Independent Researcher and Content Strategist Ntombovuyo Linda recaps the "How young creatives collaborate with brands" conversation at the J&B Hive.
On Saturday, 29 April 2017 Creative Nestlings hosted a session for their dialogue series under the theme of Conversation on Creativity. The topic for the day aimed to navigate through the dynamics of the relationships between brands and young creatives in South Africa.
The speakers lined up for the event included Nandi Dlepu, Zwelibanzi Ngema, Mpumelelo Mfula, Inga Gubeka and Cedric Nzaka. The session was largely insightful, drawing from diverse perspectives and trades in the creative sector. As speakers shared their experiences and offered direction on the different challenges faced by fellow creatives, important discussions began to accelerate.
Given the innovative advancement of the tech world, digital devices and services are creating prospects for content to be created, exchanged and consumed in increasingly complex ways. However, this has created challenges (and opportunities) for intellectual property systems arising from multiple trends.
Distribution models are shifting towards more rapid and global access. And of course, this issue of intellectual property became a buzzing concept during the discussion and it seemed to probe widespread curiosity. Ngema made an interesting point about how conveying a common message in your work is not only about tracking your work but communicating and imprinting your intellectual property. There was a general consensus amongst the guest speakers about seeking clarity on financial and protection implications of creative material. Creatives were encouraged to ask brands about the scope of content they would be expected to deliver; the intended platforms for distributing their material; as well as transparency on the usage of one’s work.
Nzaka highlighted another important issue which raised the concern of how service providers or entrepreneurs need to maintain integrity when working with brands so that they can deliver on the established expectations. “I see people saying they are content managers, multimedia designers and photographers on social media – meantime they don’t have a clue what any of that means. Do your research… never oversell yourself because if you can’t do the work properly that destroys the industry by lowering the standard of creative output” echoed Nzaka. Similarly, Dlepu (commonly also known as Mamakashaka) added that artists need to “respect the industry” by making sure that they have the necessary and appropriate skills to deliver the product when they are approached by brands to collaborate with them. This view was aimed at illustrating how valuable and professional work can serve as a way of building trust between brands and creatives as well as attracting investors in the industry as a whole.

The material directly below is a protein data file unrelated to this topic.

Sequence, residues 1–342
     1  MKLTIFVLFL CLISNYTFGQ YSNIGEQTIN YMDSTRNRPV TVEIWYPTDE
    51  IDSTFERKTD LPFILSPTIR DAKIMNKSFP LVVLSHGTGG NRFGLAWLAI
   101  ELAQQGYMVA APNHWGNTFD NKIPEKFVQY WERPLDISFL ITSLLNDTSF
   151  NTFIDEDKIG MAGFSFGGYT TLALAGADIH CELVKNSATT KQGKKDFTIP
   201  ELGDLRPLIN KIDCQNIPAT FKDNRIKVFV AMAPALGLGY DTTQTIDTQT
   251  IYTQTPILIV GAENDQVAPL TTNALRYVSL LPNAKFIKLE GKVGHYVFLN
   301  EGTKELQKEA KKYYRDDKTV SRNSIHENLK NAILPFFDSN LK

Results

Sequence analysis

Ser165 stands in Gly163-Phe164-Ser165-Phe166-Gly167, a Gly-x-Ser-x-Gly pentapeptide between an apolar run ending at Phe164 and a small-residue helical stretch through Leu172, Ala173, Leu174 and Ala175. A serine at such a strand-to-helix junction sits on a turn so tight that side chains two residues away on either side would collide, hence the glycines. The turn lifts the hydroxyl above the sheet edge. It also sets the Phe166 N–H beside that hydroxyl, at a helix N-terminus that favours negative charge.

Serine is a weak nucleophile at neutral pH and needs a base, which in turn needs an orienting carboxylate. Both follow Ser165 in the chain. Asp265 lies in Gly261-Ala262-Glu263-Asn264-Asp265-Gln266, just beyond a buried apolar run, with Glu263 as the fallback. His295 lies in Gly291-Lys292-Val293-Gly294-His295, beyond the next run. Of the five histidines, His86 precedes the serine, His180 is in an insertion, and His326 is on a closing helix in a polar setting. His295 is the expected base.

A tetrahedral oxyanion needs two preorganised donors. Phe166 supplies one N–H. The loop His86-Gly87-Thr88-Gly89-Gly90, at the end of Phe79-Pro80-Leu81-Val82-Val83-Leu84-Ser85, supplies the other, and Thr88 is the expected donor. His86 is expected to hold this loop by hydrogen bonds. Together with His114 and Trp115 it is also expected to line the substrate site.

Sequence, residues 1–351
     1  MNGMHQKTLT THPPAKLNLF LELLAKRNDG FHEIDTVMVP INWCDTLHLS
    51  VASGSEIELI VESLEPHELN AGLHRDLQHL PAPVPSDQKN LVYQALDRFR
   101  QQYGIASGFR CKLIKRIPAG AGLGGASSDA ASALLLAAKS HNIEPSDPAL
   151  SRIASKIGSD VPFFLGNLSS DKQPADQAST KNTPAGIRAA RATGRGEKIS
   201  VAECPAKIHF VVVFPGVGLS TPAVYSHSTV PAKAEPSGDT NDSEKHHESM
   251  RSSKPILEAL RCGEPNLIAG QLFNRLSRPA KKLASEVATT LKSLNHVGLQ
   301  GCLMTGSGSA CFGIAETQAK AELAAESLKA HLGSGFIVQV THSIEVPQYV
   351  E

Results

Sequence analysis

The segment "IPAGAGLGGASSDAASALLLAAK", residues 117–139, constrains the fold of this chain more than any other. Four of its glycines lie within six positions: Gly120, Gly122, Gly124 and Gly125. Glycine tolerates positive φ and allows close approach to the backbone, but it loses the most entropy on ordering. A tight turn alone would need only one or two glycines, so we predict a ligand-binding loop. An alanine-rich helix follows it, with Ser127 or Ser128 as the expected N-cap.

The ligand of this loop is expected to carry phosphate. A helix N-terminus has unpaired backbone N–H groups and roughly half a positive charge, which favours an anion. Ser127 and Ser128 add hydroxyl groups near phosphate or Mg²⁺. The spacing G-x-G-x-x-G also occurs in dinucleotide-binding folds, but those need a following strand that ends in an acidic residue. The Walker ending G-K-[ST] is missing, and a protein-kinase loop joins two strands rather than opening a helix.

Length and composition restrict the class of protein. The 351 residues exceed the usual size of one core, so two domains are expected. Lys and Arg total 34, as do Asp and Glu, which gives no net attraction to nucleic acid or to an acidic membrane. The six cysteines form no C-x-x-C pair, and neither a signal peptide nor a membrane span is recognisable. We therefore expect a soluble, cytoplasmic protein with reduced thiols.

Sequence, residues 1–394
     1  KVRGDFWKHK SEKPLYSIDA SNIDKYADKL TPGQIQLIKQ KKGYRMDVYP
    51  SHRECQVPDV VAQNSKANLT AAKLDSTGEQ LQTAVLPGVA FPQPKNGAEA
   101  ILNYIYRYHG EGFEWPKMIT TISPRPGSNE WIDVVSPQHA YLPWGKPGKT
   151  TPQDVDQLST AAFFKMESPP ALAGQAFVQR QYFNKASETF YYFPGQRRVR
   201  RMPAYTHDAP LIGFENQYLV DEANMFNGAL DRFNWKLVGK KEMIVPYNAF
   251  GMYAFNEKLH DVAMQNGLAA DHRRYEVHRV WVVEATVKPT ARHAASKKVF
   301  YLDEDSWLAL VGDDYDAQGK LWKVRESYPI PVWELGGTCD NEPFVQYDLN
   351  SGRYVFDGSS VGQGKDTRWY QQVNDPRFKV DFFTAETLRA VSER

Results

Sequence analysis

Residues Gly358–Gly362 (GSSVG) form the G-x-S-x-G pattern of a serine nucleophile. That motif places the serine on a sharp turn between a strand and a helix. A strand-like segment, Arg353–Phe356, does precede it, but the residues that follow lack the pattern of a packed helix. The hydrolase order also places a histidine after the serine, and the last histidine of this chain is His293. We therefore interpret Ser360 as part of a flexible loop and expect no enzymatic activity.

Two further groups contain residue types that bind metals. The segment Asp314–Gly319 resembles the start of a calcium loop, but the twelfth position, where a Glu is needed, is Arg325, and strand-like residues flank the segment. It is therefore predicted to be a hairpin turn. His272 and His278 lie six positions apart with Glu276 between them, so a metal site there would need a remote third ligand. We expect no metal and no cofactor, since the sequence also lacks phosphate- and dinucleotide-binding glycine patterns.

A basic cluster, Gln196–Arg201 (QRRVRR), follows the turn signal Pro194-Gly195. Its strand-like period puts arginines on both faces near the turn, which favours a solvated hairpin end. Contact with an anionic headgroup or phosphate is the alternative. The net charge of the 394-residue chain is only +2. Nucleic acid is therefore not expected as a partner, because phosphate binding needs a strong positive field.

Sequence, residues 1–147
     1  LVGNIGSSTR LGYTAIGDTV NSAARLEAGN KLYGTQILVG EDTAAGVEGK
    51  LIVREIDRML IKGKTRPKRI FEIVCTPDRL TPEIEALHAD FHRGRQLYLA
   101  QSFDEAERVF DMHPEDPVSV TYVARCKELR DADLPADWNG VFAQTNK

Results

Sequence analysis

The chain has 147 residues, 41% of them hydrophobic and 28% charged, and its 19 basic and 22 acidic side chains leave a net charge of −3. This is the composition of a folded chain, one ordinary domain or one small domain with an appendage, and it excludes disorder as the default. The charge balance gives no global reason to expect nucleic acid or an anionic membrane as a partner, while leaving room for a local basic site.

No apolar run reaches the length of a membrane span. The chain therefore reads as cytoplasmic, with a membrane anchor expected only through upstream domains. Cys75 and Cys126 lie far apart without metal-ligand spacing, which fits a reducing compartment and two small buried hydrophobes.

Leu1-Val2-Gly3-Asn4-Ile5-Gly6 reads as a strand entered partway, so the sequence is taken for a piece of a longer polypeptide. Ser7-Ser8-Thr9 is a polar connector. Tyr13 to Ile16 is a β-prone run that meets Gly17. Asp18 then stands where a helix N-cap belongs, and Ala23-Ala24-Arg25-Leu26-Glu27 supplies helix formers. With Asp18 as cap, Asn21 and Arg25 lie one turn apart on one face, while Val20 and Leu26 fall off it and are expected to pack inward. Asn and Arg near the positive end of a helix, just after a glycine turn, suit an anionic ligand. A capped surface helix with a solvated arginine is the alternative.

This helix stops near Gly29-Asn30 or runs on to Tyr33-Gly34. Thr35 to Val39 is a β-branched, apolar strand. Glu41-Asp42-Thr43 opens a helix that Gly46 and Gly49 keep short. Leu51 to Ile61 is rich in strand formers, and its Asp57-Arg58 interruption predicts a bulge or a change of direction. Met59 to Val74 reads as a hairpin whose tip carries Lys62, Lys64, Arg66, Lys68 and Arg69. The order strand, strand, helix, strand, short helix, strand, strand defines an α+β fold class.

The dialogue exposed a variety of other issues faced by creatives in the industry such as a more transformative representation of arts, content production processes, industry rates, financial management, township economy, bartering models for creatives trying to gain credibility and exercising power to redefine connotations associated with popular industry trade titles.
Although the bartering of services was explicitly criticised for creating a risk of perpetuating the characterization that artists lack monetary value, it was also acknowledged as an enabling tool for business and learning exchange, “especially in the beginning stages” said Mfula. The dialogue certainly brought awareness of the interfaces between young creatives and brands. And, one thing that was clear from the discussions was that “creatives everywhere seem to face the sameproblems…from being ripped off to educating clients to surviving
” Steve Morris expressed in a Tweet. The dialogue unlocked the need for creatives to devote themselves to researching their fields, seeking expert and legal counsel, and the possibility of crafting their own brands – brands which would speak to their own history, heritage and future.
Improving the quality of life for young Africans through nurturing a creative, collaborative, innovative and entrepreneurial spirit amongst the youth on the on the African continent.